Lean manufacturing at Toyota

Lean manufacturing, a spin-off of traditional six sigma, got its start at Toyota in Japan. In Lean Six Sigma manufacturing, turning costs is reduced lead time, reducing work in process, minimizing wasted motion and optimizing material flow. The author of the Toyota Way was Jeffrey Liker, who established the Production of Lean. It is also known as TPS in short and it works very well.

Understanding the roots of lean manufacturing

In 2003, Toyota’s annual profit was greater than GM earnings (Ford and Chrysler integrated). In 2006 Toyota had a capitalization market of $181.4 billion versus %16 billion of GM and @12.3 billion of Fords. A new car of Toyota takes twelve months unlike 3 to 4 years elsewhere. Lexus and Toyota defects lead per vehicle. Lean manufacturing is about relationship and speed between the steps in a process at its heart. Lean manufacturing is about destroying the non value added elements from the process. It is about recoiling the sizes of batch down to develop a one flow of piece (Jovane F, Westkamper E and Williams D, 2009; Womack J P, Jones D T and Roos D, 1991).

Emergence of lean manufacturing

The thinking of lean manufacturing was developed at Toyota with the TPS. In the 1920’s and 1930’s Sakichi Toyoda formulated the original ideas. In the 1940’s Taiichi Ohno began to develop these ideas but in the 1950’s it made the leap with full development. Some of the principles of Lean came from a surprising source i.e American supermarkets where small quantities of inventory are replenished as customers pulled them off the shelf. Shelves are restocked as they become depleted. The preceding process in a pull system must often do what the relevant process tells it. The visual ability to replenish and see low stock is referred as the Kanban system. This is the essence of a pulls system and Kanban inventory.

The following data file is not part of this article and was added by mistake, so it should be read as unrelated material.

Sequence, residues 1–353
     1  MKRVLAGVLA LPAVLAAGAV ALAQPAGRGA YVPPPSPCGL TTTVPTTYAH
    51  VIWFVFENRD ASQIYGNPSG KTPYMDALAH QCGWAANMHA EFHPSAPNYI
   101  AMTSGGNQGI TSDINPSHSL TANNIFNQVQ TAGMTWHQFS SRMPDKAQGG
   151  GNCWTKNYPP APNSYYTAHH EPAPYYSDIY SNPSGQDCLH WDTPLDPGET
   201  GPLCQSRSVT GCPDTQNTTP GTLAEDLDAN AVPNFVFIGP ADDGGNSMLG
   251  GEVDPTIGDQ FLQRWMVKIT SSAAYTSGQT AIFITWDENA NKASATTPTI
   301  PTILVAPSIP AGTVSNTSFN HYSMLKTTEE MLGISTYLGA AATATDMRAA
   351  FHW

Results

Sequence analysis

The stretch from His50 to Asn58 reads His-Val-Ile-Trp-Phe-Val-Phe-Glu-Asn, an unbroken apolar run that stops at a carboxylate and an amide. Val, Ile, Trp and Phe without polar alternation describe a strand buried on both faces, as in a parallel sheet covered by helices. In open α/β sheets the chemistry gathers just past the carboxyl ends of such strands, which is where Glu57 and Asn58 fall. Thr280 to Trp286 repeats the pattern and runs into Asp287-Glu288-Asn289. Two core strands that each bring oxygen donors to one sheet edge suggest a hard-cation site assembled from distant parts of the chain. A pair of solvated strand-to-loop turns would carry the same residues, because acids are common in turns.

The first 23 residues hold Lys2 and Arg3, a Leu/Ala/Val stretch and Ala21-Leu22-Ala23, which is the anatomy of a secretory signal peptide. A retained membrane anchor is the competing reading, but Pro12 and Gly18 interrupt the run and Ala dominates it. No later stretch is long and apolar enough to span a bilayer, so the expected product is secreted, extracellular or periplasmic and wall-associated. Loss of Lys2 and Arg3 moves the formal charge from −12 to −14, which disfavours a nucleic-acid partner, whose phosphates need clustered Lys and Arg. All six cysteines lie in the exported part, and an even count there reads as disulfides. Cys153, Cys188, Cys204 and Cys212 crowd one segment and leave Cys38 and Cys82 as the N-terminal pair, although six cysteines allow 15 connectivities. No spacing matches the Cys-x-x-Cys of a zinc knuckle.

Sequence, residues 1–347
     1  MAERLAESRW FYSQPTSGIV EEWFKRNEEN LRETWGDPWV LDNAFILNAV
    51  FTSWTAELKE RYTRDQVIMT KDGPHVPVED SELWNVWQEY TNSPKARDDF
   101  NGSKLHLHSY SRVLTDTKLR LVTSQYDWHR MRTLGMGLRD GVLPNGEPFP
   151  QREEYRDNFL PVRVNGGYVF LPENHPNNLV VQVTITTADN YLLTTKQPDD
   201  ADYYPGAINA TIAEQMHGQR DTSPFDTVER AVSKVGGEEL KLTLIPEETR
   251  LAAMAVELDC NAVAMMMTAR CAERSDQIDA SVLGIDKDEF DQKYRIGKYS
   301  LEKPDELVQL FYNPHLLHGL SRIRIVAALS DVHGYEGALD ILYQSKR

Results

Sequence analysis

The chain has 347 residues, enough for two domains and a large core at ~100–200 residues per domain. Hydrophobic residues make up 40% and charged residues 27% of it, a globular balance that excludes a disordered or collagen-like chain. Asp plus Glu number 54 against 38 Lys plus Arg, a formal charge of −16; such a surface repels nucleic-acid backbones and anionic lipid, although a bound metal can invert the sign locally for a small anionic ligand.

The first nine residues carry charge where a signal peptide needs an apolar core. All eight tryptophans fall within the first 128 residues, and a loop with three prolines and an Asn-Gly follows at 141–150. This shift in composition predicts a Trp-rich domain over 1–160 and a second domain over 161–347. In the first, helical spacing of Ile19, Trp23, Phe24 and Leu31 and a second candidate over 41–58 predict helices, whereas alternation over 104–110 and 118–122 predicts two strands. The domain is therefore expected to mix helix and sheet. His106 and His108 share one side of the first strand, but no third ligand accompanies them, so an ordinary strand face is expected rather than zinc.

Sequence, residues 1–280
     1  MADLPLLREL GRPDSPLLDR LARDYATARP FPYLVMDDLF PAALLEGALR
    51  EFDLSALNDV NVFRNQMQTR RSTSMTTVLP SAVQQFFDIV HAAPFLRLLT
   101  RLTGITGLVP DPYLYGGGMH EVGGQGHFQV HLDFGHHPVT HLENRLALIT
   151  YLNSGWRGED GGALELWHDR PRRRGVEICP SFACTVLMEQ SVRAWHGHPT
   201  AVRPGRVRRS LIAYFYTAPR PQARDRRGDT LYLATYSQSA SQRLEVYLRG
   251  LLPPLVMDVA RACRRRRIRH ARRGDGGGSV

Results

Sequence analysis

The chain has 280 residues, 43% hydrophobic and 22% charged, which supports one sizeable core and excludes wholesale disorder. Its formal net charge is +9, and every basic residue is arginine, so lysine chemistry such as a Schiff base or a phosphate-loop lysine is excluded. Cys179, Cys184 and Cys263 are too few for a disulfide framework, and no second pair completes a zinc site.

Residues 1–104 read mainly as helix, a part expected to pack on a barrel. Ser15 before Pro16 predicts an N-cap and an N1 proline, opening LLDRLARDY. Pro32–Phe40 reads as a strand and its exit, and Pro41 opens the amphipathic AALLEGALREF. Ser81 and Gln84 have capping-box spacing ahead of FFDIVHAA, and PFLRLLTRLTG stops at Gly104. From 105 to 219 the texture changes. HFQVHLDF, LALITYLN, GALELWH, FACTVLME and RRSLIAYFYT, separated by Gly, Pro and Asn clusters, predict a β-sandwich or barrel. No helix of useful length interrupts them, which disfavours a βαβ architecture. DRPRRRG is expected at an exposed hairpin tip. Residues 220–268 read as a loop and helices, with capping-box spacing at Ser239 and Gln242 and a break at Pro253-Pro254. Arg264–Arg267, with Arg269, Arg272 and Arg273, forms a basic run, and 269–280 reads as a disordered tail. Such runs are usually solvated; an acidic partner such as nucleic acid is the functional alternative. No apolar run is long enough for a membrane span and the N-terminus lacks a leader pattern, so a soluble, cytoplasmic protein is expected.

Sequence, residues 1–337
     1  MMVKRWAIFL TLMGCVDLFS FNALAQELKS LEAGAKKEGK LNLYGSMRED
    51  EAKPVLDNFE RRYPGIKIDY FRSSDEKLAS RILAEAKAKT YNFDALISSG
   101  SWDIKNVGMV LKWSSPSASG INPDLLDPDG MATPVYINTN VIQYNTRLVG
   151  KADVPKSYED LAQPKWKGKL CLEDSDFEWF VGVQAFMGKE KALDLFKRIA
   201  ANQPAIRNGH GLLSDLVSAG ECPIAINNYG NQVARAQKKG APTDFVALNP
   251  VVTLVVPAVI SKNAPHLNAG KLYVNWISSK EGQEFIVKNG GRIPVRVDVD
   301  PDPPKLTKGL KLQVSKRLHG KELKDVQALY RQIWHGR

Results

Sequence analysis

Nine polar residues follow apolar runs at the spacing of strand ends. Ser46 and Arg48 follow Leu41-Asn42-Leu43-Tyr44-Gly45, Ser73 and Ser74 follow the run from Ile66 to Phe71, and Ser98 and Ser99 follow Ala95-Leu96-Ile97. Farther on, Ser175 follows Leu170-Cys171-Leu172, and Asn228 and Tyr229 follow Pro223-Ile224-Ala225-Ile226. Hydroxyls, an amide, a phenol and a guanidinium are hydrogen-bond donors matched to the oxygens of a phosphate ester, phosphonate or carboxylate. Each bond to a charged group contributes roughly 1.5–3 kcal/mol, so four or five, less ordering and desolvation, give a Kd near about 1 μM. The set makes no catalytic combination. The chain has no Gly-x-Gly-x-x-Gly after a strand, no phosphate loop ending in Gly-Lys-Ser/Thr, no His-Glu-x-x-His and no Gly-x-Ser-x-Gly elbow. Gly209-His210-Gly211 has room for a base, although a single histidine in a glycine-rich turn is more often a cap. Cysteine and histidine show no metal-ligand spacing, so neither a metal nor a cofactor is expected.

The toughest part of learning to think lean manufacturing is destroying old ideas, about the mass production and scale economies. These are basically the systems of “push” based on projected demand of a customer. Quality is inspected into the product. These batch and sequence push system ideas must be the first causalities of the Lean transformation. In Lean quality, productivity and low costs come from producing small batches of a product from start to finish without any piles of partially finished goods.

References

  • Womack J P, Jones D T and Roos D (1991), The Machine that changes the world: The Story of Lean Production, Harper Perennial, New York.
  • Jovane F, Westkamper E and Williams D (2009), The Manufacture Road: Towards competitive and sustainable high adding manufacturing, Springer, Berlin
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